Throughout Sustainable Brands’ New Metrics ’16 event this week, I expect to hear a continual drumbeat of the need to measure impact. That is how it should be.
As a panellist for the session on “Demonstrating the Impact of Sustainability Labels and Certification,” I will be one of those discussing why businesses need to measure the social and environmental impact of their sustainable sourcing programs and how they can find out about the impact of sustainability standards.
Moving the needle on consumer behavior remains a monumental task - but a necessary one if we are to achieve the United Nations’ Sustainable Development Goals (SDGs). With household consumption accounting for nearly 70 percent of economic activity in the United States, consumers’ choices can make a real difference. At the same time, consumers are faced with so many decisions in their day-to-day lives that “decision fatigue” is commonplace. We cannot expect consumers to weigh the environmental and social implications of each of their actions and purchases.
Earlier this year, yogurt giant Dannon announced new sustainable agriculture and non-GMO commitments. Now, farm organizations have decided that food companies 'jumping on the anti-GMO bandwagon' cannot go unchallenged.
The relationship between brands and people is being transformed before our very eyes; the old-fashioned, binary model of companies selling and people consuming is dead. Traditional, rigid hierarchies of control are being replaced with more fluid and open peer-to-peer networks. We are rapidly adopting the principles of a sharing economy as the mainstream norm and there is a new world order forming.
You can choose to see this as either a challenge or an opportunity but the brands that will win are the movement brands that are brave enough to let their consumers take an equal stake in setting the agendas and creating content.
A growing number of investors are looking for high-quality information on a company’s sustainability performance. Earlier this year Larry Fink, CEO of Blackrock, called on S&P 500 CEOs to demonstrate how environmental, social and governance (ESG) factors contribute to long-term commercial success.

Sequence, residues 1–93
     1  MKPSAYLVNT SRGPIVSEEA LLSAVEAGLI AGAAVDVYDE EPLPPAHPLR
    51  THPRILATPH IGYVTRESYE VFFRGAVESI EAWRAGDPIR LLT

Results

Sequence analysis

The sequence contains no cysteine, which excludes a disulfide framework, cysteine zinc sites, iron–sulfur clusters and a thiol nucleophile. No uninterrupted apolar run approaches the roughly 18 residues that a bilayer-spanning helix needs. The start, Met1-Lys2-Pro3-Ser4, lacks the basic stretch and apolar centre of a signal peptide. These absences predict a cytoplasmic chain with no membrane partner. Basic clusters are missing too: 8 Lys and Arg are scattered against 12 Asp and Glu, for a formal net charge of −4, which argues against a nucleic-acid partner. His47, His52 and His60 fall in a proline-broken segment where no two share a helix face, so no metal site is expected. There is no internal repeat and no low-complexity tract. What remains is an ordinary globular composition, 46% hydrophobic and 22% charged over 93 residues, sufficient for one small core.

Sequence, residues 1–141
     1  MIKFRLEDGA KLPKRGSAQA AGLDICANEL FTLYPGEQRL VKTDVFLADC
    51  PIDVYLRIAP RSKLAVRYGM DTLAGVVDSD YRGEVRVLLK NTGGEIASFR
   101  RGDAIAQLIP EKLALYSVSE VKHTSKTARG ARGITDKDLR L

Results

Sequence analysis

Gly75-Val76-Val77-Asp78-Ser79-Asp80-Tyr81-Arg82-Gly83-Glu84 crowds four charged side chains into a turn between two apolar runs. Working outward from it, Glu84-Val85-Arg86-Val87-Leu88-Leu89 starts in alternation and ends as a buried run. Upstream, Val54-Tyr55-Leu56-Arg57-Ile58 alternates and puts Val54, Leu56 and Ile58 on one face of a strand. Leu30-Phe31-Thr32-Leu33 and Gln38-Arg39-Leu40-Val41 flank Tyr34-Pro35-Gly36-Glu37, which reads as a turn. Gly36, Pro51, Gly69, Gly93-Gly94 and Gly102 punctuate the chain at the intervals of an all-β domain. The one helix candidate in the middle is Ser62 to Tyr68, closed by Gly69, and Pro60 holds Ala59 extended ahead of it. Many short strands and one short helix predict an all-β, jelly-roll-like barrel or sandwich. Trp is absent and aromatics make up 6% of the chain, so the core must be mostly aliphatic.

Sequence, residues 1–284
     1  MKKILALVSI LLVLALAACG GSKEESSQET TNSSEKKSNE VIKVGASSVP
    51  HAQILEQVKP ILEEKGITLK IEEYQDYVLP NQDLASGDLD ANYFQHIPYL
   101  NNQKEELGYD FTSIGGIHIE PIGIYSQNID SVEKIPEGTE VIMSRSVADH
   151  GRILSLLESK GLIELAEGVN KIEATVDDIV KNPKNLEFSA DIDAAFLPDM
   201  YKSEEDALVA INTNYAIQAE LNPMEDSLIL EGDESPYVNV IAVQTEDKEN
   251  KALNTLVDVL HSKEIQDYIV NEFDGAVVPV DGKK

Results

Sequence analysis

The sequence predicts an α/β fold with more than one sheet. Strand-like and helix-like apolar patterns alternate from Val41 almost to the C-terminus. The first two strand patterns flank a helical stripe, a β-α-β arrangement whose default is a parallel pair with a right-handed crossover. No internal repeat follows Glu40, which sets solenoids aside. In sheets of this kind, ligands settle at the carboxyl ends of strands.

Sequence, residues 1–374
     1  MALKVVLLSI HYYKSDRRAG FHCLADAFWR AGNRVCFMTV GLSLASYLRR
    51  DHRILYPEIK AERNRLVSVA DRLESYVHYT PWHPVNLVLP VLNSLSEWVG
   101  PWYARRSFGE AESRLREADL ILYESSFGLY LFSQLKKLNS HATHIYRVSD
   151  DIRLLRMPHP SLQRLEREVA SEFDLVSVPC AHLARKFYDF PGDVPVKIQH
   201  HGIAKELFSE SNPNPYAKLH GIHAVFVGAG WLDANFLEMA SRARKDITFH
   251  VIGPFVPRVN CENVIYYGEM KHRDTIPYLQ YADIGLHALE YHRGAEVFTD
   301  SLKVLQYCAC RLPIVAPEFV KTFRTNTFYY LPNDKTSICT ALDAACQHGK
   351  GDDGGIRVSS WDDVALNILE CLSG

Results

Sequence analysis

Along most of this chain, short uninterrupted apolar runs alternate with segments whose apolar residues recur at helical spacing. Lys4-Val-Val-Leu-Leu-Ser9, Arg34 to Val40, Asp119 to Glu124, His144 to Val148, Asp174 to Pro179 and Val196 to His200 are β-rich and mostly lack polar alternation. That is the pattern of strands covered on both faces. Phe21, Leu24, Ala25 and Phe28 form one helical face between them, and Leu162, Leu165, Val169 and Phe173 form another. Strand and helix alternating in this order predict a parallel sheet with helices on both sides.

Beginning Sunday, October 30, climate change will take over primetime on National Geographic. The channel has announced it will host its first-ever Earth Week, which will air six straight days of primetime programming dedicated exclusively to climate change in 171 countries and 45 languages.
Aluminum roller and recycler Novelis has teamed up with digital content provider Discovery Education on an all-new aluminum recycling education program, "Life of a Can - A Never Ending Story." The program is intended to empower students to make a positive environmental impact through standards-aligned lesson plans and interactive classroom activities focused on Science, Technology, Engineering and Math (STEM).
Jaclyn Murphy, Director of Brand Purpose at Edelman, opened an inspiring session on Wednesday afternoon where brand purpose was made tangible in four brands - Arla Foods, Unilever, BT and Neste - that shared their experience and insights about how they are working to engage consumers in their purpose and get them involved in creating a change.
On Tuesday, Chipotle celebrated National Taco Day by launching new chorizo tacos, but some have speculated that the promotional release might just be one more way the Tex-Mex chain is trying to regain customers following multiple food-safety scares last year.